Health Care Access and Prevalence of the Metabolic Syndrome Among Elders Living in High-Altitude Areas of the Mediterranean Islands: The MEDIS Study

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The Review of Diabetic Studies,2011,8,4,468-476.
Published:February 2012
Type:Original Article
Author(s) affiliations:

Stefanos Tyrovolas1, Christos Chalkias2, Marianthi Morena2, Ioanna Tsiligianni3, Akis Zeimbekis4, Efthimios Gotsis1, George Metallinos1, Vassiliki Bountziouka1, Evangelos Polychronopoulos1, Christos Lionis3, and Demosthenes Panagiotakos1

1Department of Nutrition and Dietetics, Harokopio University, Athens, Greece.

2Department of Geography, Harokopio University, Athens, Greece.

3Clinic of Social and Family Medicine, School of Medicine, University of Crete, Heraklion, Greece.

4Health Center of Kalloni, General Hospital of Mitilini, Mitilini, Greece.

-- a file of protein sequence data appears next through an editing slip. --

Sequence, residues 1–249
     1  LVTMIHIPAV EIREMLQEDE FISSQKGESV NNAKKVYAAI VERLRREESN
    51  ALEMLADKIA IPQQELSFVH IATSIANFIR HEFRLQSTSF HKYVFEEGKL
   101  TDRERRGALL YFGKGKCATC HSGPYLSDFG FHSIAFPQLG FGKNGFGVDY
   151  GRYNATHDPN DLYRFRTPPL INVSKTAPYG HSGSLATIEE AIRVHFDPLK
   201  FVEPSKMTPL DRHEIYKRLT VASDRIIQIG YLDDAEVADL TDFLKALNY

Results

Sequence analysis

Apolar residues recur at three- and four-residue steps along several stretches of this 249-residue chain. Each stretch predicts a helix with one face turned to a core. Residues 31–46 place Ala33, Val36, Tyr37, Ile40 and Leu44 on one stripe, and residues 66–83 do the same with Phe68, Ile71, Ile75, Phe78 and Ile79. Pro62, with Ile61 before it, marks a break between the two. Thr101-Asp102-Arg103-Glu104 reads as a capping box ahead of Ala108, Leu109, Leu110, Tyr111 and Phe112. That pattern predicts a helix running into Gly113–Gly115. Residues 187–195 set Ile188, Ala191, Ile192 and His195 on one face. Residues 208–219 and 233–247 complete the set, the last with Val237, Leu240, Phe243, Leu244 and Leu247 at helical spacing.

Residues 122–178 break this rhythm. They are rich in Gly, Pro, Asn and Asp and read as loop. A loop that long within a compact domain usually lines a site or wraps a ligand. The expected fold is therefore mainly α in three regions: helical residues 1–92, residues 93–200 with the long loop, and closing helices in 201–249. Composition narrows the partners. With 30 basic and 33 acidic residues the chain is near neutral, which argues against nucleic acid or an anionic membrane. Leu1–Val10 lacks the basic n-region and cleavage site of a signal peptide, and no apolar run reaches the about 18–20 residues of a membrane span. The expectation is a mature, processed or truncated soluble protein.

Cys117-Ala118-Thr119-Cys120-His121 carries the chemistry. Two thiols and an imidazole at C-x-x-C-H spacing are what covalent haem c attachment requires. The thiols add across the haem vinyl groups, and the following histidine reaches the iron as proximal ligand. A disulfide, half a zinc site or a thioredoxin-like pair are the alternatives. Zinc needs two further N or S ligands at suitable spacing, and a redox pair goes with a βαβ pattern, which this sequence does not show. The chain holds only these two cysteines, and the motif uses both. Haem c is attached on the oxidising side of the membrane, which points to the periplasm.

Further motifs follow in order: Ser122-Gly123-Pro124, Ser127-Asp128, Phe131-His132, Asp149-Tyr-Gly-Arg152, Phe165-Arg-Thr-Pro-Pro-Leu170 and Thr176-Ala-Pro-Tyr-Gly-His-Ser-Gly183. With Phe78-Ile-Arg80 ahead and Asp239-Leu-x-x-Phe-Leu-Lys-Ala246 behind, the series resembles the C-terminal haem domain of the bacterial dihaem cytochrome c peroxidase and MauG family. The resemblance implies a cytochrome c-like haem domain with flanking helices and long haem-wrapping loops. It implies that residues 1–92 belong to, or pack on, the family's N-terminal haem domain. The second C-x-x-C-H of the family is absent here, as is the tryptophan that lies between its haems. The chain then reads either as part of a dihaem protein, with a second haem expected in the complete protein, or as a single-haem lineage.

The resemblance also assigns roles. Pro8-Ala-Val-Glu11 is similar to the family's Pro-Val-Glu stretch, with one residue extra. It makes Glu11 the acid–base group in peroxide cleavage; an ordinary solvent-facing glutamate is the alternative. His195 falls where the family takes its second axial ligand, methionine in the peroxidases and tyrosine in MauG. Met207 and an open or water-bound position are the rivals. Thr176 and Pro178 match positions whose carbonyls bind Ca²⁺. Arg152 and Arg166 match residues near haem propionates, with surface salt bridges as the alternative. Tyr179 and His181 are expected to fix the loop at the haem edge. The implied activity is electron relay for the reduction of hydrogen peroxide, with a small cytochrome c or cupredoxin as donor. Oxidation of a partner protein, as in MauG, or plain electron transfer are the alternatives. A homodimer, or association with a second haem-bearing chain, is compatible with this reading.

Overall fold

Aim: The aim of the present work was to evaluate the relationships between sociodemographic, clinical, and lifestyle characteristics and the presence of metabolic syndrome, among high and low altitude living elderly individuals without known CVD. Methods: During 2005-2011, 1959 elderly (aged 65 to 100 years) individuals from 13 Mediterranean islands were enrolled. Sociodemographic, clinical, and lifestyle factors were assessed using standard procedures. Metabolic syndrome was defined according to the (Adult Treatment Panel) ATP III criteria. Mountainous areas were defined those more than 400 meters in height. Results: For the present analysis 713 men and 596 women were studied; the prevalence of the metabolic syndrome was 29% (24% in men, 35% in women, p < 0.001). Furthermore, the prevalence of metabolic syndrome was 55% in the elders living in mountainous areas, as compared with 26% among those living at sea-level (p = 0.01). Similarly, the prevalence of hypertension, hypercholesterolemia, and obesity were higher in high altitude as compared with low altitude areas (all pvalues < 0.01). After adjusting for various confounders, elders living in high altitude areas were 3.06-times more likely to have the metabolic syndrome than those living at sea-level (OR = 3.06, 95%CI 2.02-4.65). However, when the annual number of visits to health care centers was taken into account, the effect of altitude of living was not associated with the presence of the syndrome. Conclusion: A considerable proportion of mountainous living elderly had the metabolic syndrome. Public health actions need to be taken to reduce the burden of cardiometabolic disorders by enabling better access to health care, especially in remote mountainous rural areas.